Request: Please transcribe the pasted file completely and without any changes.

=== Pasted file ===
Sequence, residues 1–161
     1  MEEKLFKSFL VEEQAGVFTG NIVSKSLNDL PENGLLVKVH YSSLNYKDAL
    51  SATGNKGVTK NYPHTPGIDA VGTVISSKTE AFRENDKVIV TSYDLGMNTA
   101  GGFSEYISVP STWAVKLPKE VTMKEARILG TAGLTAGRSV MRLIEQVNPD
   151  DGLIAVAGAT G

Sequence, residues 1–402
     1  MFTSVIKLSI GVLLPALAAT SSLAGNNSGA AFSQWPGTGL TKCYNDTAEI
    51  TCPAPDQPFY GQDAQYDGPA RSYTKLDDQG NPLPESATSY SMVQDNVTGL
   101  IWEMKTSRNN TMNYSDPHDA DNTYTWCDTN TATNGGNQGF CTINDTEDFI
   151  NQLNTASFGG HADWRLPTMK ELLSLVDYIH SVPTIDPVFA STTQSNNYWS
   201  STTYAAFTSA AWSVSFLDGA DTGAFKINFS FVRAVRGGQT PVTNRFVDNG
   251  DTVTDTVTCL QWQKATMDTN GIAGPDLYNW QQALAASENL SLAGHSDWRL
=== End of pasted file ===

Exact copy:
Sequence, residues 1–161
     1  MEEKLFKSFL VEEQAGVFTG NIVSKSLNDL PENGLLVKVH YSSLNYKDAL
    51  SATGNKGVTK NYPHTPGIDA VGTVISSKTE AFRENDKVIV TSYDLGMNTA
   101  GGFSEYISVP STWAVKLPKE VTMKEARILG TAGLTAGRSV MRLIEQVNPD
   151  DGLIAVAGAT G

Sequence, residues 1–402
     1  MFTSVIKLSI GVLLPALAAT SSLAGNNSGA AFSQWPGTGL TKCYNDTAEI
    51  TCPAPDQPFY GQDAQYDGPA RSYTKLDDQG NPLPESATSY SMVQDNVTGL
   101  IWEMKTSRNN TMNYSDPHDA DNTYTWCDTN TATNGGNQGF CTINDTEDFI
   151  NQLNTASFGG HADWRLPTMK ELLSLVDYIH SVPTIDPVFA STTQSNNYWS
   201  STTYAAFTSA AWSVSFLDGA DTGAFKINFS FVRAVRGGQT PVTNRFVDNG
   251  DTVTDTVTCL QWQKATMDTN GIAGPDLYNW QQALAASENL SLAGHSDWRL